IT has often been called the hidden epidemic, because it's rarely the focus of health campaigns and its symptoms are generally not as obvious. But the impact of Hepatitis B cannot be underestimated, because if left untreated, it can prove to be fatal.
"Everybody knows about HIV/AIDS and syphilis and gonorrhoea and those things, but you don't find people talking about this disease," said gynaecologist/obstetrician Dr Michael Abrahams.
Hepatitis B is a liver disease caused by the Hepatitis virus and has millions of carriers worldwide. The World Health Organisation has declared it a major global health problem because it puts people at risk for liver cancer and death. The disease can be transmitted through contact with the blood or fluid of an infected person during sexual intercourse. It can be spread by vaginal sex, anal sex, oral sex and by sharing personal items that may have blood or bodily fluids. It can therefore be passed on while using an infected needle to get a tattoo, a body piercing or for drug use.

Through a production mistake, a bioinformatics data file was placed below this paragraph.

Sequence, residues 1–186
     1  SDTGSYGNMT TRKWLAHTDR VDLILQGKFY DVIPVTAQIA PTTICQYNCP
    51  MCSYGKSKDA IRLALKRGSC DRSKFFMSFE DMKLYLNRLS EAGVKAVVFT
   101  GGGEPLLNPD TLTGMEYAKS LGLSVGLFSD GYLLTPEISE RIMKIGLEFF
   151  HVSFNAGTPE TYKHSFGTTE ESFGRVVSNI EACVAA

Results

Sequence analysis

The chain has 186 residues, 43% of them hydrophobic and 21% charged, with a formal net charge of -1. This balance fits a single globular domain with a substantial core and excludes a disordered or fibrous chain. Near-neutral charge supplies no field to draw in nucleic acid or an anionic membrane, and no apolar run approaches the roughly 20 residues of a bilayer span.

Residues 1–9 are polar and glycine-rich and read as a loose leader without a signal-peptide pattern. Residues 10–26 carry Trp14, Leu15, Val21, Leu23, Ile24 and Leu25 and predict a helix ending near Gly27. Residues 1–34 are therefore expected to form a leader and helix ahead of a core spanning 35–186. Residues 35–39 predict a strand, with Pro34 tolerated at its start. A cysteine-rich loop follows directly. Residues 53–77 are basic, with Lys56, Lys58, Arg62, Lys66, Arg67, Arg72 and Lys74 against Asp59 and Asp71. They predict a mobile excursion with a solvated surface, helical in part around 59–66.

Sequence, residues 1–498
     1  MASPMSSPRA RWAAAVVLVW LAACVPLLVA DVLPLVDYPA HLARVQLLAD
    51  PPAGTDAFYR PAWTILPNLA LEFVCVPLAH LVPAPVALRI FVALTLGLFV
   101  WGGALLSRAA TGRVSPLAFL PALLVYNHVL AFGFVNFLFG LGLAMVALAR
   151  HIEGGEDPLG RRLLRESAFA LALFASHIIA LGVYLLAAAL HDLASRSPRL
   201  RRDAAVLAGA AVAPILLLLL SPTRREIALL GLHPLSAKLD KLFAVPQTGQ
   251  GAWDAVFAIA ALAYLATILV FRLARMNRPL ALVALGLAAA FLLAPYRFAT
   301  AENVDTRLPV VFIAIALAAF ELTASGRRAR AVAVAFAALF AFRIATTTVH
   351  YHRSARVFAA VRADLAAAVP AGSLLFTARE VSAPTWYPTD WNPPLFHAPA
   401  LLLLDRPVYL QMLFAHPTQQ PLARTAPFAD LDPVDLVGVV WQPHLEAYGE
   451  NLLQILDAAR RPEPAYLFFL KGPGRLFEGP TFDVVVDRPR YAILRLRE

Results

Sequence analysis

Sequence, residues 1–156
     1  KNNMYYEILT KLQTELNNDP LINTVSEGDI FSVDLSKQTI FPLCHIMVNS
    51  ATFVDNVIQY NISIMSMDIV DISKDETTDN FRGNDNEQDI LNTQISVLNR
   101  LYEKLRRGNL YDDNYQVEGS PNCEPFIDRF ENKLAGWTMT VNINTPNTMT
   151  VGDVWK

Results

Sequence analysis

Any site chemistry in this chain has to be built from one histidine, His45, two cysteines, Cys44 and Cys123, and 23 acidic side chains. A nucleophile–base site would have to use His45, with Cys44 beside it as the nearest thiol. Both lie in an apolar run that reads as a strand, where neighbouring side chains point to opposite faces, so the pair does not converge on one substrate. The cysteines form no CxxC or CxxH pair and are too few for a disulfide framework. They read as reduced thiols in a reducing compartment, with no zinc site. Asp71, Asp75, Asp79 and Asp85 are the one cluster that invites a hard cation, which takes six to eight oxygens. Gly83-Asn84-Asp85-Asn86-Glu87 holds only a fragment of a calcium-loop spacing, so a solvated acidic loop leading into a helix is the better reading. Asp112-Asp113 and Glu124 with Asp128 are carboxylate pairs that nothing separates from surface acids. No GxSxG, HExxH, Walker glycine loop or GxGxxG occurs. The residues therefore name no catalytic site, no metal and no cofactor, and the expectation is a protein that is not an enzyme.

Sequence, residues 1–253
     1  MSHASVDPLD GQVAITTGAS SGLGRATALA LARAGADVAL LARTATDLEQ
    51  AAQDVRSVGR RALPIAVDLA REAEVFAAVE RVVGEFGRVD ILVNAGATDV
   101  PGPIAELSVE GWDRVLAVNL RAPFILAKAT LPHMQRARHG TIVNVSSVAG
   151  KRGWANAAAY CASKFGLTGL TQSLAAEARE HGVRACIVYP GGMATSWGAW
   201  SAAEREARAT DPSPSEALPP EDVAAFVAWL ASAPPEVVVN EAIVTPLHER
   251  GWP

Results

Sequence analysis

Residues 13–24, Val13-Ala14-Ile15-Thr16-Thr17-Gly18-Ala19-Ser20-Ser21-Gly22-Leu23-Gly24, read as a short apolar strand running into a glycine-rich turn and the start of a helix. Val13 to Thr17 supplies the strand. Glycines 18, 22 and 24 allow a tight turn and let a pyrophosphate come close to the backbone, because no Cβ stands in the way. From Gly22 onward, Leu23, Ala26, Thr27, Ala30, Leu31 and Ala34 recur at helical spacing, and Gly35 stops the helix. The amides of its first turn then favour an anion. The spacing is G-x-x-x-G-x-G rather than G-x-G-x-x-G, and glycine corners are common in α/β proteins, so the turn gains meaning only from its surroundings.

The disease can also be transferred through a blood transfusion while undergoing a dialysis for kidney disease. Doctors have always warned that pregnant mothers be screened for the disease before giving birth.
"If a woman has it and she gives birth, she can pass it on to her baby," Dr Abrahams said.
Hepatitis B is not a genetic disease and cannot be spread from hugging, holding hands, breastfeeding or sharing meals or utensils with a carrier, but so as to protect babies against it, most countries offer some form of vaccination.
You may get infected with Hepatitis B and not know, because it's asymptomatic. Some persons won't become aware of it until they are undergoing a routine blood test or while giving blood. Symptoms of Hepatitis B generally include loss of appetite, dark urine or light-coloured stool, fatigue, nausea and vomiting, pain in muscles and joints and abdominal discomfort.
Treatment for Hepatitis B would depend on whether it is chronic or acute. The acute form of the infection generally lasts for just a few months; however, a small percentage of persons suffer from a chronic form of the disease which damages the liver. Drug treatment is therefore generally offered to these individuals, so as to assist in the reduction of viral replication in the liver.